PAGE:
I pulled the collar of my work shirt higher against my neck. The sun had dipped behind a cloud and the wind took on an extra bite.

“You know, Marcus, we’ve been building these skyscrapers for years together. Hotels. Casinos. High-rise apartments. Ever strike you as ironic that we’ll never, ever live in one? That your kids’ll never work in one?”

“They might,” I answered, but that’s not really what I wanted to say. I had thought about that, many times in fact, while me and the family huddled together at night in our dingy flat, rationing the meat for our meals and sharing blankets. But Lee was off today, and I wasn’t about to feed whatever evil spirit was ailing him by agreeing with him. Especially not with so much open space all around.

“This time hurt, Marcus. He even came to our house to pick her up! Drove right up in his damn fancy car. Friggin’ engine rumbled so loud it woke half the neighbourhood.” He turned on his torch but cursed when it didn’t light. “Musta forgot to fill the tank. Be right back.”

I watched him get up and head back to the lift. Then I looked around, saw the sea of skyscrapers rising into the sky like steel arms reaching for heaven. Some reached higher than others and their tops gleamed golden with sunrays. The rest huddled in their shadows, just glad to be there, high above the nasty gutters where the rats and vermin lived. I thought of Lee and of the betrayal he’d suffered, watched him skulk along the beam. Watched as he unhooked his belt–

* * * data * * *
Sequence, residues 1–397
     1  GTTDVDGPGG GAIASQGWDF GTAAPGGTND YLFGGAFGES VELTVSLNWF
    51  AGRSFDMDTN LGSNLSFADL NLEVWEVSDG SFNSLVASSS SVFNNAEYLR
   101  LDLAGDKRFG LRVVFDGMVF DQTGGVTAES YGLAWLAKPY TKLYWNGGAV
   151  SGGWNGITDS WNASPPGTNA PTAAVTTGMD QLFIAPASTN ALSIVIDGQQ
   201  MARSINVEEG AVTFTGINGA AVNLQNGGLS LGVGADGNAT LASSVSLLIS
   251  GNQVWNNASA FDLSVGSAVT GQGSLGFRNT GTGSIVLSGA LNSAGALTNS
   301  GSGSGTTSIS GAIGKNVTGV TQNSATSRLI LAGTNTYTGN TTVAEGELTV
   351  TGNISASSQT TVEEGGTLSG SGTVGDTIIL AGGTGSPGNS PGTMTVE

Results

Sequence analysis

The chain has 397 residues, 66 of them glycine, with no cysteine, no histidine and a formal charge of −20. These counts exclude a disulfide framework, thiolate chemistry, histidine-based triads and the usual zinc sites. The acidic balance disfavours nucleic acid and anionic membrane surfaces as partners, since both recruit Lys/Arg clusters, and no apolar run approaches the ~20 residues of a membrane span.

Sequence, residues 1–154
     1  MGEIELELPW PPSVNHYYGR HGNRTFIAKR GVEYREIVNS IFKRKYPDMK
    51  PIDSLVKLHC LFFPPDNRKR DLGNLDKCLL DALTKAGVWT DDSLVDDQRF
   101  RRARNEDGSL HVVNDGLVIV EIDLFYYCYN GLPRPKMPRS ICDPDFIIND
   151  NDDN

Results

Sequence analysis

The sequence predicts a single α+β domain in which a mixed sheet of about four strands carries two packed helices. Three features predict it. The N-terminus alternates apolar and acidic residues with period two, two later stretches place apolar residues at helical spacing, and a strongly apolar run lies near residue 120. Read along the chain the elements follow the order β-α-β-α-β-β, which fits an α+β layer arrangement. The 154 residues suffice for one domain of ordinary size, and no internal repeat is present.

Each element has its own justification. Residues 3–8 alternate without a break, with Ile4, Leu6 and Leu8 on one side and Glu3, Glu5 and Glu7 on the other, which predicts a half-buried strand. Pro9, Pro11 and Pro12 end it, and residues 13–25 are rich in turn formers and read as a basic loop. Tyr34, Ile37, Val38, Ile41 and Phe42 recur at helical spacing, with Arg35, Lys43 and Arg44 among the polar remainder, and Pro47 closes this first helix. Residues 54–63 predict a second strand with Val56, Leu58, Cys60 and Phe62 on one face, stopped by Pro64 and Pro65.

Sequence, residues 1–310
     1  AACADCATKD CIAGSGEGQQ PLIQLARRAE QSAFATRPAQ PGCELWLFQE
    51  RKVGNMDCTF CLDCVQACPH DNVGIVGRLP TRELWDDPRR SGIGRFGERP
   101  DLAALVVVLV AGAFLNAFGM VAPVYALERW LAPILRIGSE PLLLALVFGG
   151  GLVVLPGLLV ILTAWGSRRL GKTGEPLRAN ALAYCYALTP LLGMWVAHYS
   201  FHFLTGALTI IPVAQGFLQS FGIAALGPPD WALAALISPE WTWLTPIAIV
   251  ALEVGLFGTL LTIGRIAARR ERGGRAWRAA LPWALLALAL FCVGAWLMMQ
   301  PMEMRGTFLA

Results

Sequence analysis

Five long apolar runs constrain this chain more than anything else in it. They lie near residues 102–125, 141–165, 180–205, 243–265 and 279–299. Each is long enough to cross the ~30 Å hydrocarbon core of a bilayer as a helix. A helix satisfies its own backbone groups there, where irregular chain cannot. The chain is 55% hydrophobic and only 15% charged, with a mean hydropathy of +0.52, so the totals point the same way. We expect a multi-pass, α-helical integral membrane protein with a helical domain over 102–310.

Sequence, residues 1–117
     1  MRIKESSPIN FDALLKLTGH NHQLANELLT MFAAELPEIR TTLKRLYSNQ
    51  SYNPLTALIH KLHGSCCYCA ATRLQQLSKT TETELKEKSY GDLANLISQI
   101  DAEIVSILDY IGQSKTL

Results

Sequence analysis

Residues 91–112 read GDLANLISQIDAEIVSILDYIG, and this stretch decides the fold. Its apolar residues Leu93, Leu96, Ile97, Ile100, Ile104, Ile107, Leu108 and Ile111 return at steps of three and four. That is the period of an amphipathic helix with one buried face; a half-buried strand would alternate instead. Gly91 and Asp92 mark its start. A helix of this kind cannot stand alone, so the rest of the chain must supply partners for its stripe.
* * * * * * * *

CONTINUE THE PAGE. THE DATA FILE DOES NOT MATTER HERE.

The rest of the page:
“Lee, what the hell are you doing?”

He didn’t answer, just continued unwinding the belt from around his waist before tossing it aside. The wind blasted just then, and he grabbed hold of one of the bars on the front of the lift’s cage for balance.

I got up as fast as I could and crossed the beam before bending to reach for the safety line. I held it out to him.

“What the hell are you doing, man?” The wind was so loud I had to shout to be heard.

“Marcus, open your eyes! We risk our lives to build these damn buildings but one day, they are all going to be knocked down for something bigger, better and taller to be put up in their places. What we do is useless. Pointless…”

I tried to grab hold of him but he shoved me back. My boot just missed the edge of the beam but I managed to regain my footing.

“Don’t, Lee. She could still come back. She might realize it was all a mistake. She might–”

His look cut me off. We both knew my arguments were weak, just desperate attempts to save a desperate man. He turned away and all I could see was the back of his yellow safety helmet.

His hand loosened its grip on the cage. “Marcus, I’m a man. If I can’t choose how I’m going to face the wrecking ball when it comes, then what the hell’s the goddamn point?”

Copyright@ 2013 by Dyane Forde

780 words